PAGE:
What’s 19,000 – 10,000 ?


Here’s another one: what’s 50 times 0.5?

If you were able to answer these questions without having to resort to using a calculator, then my guess is that you are most likely over 45 years old. If you are less than 30, my guess is that you opened up the calculator app on your smartphone in order to find the answer.

Over my 29 years of teaching, it seems to me that more and more college students either can’t do basic math calculations in their head or don’t have the confidence to trust such an approach. The result, either way, is an over-reliance on a calculator.

And I know my students are bright, as evidenced by strong SAT scores (both math and verbal) and stellar high school transcripts.

So I’m not sure if I should be concerned or not.

It seems like everyone has a smartphone these days, at least everyone under 30), and a calculator is a basic app on all smartphones. So if that’s the case, do they really need to know how to do basic math calculations in their head?

Perhaps it’s my age showing, but I still think it’s important to be able to do basic math problems either in your head or with just a paper and pencil. If nothing else, it allows you to verify the answer that the calculator has given you.

I am certainly not anti-calculator; in fact I downloaded and frequently use an amazing financial calculator app for my iPhone that emulates the TI BA II Plus Professional, allowing me to do all sorts of financial calculations such as present value, future value, NPV, etc. (It’s one of the few apps I’ve ever paid for.)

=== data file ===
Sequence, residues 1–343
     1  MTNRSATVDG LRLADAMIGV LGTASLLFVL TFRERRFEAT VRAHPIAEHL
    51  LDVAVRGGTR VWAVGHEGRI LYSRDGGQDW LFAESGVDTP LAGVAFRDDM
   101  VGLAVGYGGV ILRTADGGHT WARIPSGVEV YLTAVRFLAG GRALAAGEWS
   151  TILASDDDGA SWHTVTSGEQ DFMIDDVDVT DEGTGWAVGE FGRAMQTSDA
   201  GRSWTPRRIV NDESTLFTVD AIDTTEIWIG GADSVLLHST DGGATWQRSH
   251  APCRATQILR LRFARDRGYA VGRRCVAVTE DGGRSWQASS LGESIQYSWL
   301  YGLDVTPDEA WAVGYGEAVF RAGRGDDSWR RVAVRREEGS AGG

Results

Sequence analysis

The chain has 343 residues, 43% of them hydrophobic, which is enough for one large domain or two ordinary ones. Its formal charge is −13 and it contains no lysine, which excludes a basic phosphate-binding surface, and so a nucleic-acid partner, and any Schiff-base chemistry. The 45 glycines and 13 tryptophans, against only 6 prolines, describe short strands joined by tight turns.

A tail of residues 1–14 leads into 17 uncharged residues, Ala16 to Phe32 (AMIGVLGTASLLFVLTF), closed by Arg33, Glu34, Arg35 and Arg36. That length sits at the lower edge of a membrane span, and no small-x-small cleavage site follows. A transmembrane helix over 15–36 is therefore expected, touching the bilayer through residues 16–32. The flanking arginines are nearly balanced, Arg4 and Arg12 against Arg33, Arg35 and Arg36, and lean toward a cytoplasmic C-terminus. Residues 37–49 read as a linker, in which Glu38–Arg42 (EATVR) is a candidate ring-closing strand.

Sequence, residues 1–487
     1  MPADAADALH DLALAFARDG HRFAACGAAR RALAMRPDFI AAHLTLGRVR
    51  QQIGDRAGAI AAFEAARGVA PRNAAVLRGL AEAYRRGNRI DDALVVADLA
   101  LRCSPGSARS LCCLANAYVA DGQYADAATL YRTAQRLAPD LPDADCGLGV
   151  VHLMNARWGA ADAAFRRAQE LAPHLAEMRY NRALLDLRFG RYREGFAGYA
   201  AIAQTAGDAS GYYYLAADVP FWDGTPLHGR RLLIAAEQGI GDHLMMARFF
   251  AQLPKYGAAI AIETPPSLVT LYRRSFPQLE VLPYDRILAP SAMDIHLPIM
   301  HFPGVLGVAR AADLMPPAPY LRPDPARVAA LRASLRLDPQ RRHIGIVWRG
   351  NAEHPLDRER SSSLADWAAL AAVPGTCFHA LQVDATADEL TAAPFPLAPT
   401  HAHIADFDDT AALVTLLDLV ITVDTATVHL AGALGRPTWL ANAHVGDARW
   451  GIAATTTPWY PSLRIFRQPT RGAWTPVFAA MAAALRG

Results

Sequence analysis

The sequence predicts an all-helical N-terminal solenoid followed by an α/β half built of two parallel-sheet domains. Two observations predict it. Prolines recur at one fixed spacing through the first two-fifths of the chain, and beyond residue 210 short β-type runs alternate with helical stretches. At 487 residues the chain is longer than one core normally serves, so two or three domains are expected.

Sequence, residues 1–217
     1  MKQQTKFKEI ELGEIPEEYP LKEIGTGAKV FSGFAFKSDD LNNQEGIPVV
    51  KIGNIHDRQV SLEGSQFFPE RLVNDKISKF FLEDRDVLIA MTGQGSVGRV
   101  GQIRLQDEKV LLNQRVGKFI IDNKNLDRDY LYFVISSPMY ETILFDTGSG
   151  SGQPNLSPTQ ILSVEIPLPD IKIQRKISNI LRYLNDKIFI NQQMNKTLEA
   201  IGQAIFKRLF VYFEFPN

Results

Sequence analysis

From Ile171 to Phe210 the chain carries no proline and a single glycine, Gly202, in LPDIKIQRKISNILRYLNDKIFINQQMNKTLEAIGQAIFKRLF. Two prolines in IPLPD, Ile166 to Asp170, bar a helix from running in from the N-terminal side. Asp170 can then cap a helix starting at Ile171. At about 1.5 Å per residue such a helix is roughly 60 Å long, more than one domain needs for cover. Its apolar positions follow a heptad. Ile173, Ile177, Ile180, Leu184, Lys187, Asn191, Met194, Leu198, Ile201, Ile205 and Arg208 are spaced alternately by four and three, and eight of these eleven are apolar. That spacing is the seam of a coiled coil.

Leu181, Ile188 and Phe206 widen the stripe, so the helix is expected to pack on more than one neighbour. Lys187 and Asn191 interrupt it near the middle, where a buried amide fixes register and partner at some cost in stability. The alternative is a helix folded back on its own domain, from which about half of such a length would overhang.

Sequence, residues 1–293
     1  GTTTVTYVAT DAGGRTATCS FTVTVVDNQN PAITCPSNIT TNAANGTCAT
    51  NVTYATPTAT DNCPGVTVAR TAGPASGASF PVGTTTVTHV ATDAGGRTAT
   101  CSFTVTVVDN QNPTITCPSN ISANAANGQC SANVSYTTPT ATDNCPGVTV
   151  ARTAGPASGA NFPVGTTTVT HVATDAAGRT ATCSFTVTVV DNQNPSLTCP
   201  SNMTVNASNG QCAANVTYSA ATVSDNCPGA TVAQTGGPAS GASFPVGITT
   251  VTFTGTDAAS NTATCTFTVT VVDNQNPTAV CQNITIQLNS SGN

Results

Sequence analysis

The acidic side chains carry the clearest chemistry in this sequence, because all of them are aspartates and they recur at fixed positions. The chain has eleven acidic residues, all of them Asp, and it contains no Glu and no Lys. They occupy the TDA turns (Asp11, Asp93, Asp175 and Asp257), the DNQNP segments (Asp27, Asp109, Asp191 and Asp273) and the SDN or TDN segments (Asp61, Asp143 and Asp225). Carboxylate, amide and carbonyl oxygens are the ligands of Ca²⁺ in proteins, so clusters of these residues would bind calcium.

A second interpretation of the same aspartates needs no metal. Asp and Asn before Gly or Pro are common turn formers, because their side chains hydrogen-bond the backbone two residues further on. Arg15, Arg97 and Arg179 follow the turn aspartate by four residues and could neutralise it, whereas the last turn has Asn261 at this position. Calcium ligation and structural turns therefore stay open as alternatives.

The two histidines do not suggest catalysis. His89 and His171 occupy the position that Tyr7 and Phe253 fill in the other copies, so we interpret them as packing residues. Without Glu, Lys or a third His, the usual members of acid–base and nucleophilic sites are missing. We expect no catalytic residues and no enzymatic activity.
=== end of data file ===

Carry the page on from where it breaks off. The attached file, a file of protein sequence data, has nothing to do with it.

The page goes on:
I no longer do such calculations by hand, so I see the value in using such tools.

But at what point do such tools become a crutch, or actually start to eat away at the knowledge you once had of how to solve a problem by hand.

I realize people have different strengths. So while perhaps one of my strengths is math, my students have shown great strengths in areas such as writing, singing, playing basketball, critical thinking, leadership, or empathy.

So I guess at the end of the day, if someone needs to use a calculator to solve (19,0000 – 10,000), as long as they get the right answer, I guess I should be OK with that. (Would Dan Pink call this an example of a ROWE – Results Only Work Environment?)

But it still probably won’t stop me from wanting to scream the answer out while students are busy typing such problems into their smartphone.

By the way, (19,0000 – 10,000) equals 9,000 and 50 times 0.5 is 25.

And not to brag, but I didn’t even use a calculator.

P.S. Don’t get me started on spelling…

Published by

Jim Borden

Accounting Prof. at Villanova; happily married for 30+ years; father of 3 outstanding young men; vegan; interests: fitness, creativity, education, blogging, social media.

3 thoughts on “What’s 19,000 – 10,000 ?”

  1. Actually, there is a body of research that suggests that not knowing basic math facts and math relationships hinders problem solving. The brain can handle about 5 pieces of information in working memory at a time. If the math facts that support a problem are known to automatically, the brain handles this information naturally and it is not considered one of the five pieces in working memory. This allows other information relative to the problem to be handled by working memory. There are also studies that show that nations who are consistently ranked with the top performing students in math use calculators in math classes far less than we do in the US. They are much more “fluent in math” and as a result are better problem solvers.


    1. Hi Daryl,

      It’s great to hear from you and thanks for your insights on the issue. The research seems to make sense. How does your school treat the use of calculators?



      1. Quincy

        Sorry it took so long to get back to you. In my opinion we use them too much. Recently, we have backed off in the elementary schools and there is more focus on learning math facts etc. But in middle and high school their use is widespread. The graphing calculators do too much but there is not interest on the part of the math department to examine their use and acknowledge that while they have many advantages— their indiscriminate use negatively impacts problem solving, number sense and algebra skills.



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